When we pray our honest feelings

By Dave Henning / December 12, 2017

“When we pray our honest feelings in God’s presence, we have a place to stand before him.  Remember, we are not our feelings.  We have feelings, but our feelings don’t have us.  God has us (emphasis author’s).”- John Ortberg

John Ortberg concludes Chapter 6 of I’d Like You More . . . as he exhorts you:

  • try making your sadness go away
  • to pretend your sadness doesn’t exist
  • put your sadness in charge of your life

Rather, take that sadness to God.  For when we pray our honest feelings to God, that gives us standing before Him.  And listening serves as the key to understanding the difference between mourning and rejoicing.  Most noteworthy, in The Complete Idiot’s Guide to Intimacy, Paul Coleman discusses the difference between “good listening” and “intimate listening.”

A good listener (a) understands facts and (b) repeats what you said.  In contrast, an intimate listener (a) understands feelings and (b) senses what you feel.  With intimate listening, two inner worlds resonate with each other.  Connection happens.

In addition, Pastor Ortberg considers the Psalms a great prayer book as well as the greatest intimacy book in all of literature.  Furthermore, in the psalms we see a God who rejoices and a God who mourns.  Also, John defines rejoicing with God as “taking something we’re naturally happy about, remembering that ‘whatever is good and perfect is a gift coming to us from God (James 1:7, NLT)’, and thanking him for that gift.”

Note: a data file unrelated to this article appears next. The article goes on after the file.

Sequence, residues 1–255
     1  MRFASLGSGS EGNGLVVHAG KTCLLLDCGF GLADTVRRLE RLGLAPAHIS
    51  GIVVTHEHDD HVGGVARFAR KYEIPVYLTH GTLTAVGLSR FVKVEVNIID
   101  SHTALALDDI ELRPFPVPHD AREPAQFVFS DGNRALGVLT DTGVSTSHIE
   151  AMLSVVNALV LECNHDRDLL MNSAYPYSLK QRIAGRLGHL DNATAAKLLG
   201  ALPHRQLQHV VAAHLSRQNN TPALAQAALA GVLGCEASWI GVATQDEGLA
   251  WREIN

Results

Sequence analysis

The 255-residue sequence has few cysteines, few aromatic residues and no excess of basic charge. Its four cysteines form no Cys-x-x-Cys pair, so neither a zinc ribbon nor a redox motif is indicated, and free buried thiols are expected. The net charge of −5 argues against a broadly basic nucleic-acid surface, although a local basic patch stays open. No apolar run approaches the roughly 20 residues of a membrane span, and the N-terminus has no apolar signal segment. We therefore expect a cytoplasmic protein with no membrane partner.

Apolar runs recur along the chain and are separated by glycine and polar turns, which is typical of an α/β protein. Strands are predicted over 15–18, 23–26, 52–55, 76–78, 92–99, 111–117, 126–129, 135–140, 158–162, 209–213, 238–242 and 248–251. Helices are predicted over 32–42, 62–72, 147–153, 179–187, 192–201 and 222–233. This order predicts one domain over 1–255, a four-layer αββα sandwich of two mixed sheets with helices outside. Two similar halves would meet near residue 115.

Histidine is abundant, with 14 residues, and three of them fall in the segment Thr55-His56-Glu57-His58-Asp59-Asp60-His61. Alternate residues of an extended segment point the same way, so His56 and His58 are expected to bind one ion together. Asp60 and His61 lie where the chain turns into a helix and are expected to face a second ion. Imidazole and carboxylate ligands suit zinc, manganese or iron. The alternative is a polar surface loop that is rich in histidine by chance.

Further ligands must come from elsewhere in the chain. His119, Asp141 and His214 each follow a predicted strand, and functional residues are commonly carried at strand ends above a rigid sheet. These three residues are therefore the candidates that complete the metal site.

In conclusion, Pastor Ortberg observes that simply recording an act of gratitude can produce a greater sense of intimacy with God- and, John adds, joy.

Today’s question: When you pray your honest feelings in God’s presence, how does that increase your intimacy with God?  Please share.

Tomorrow’s blog: “Commitment – the foundation of intimacy”

About the author

Dave Henning

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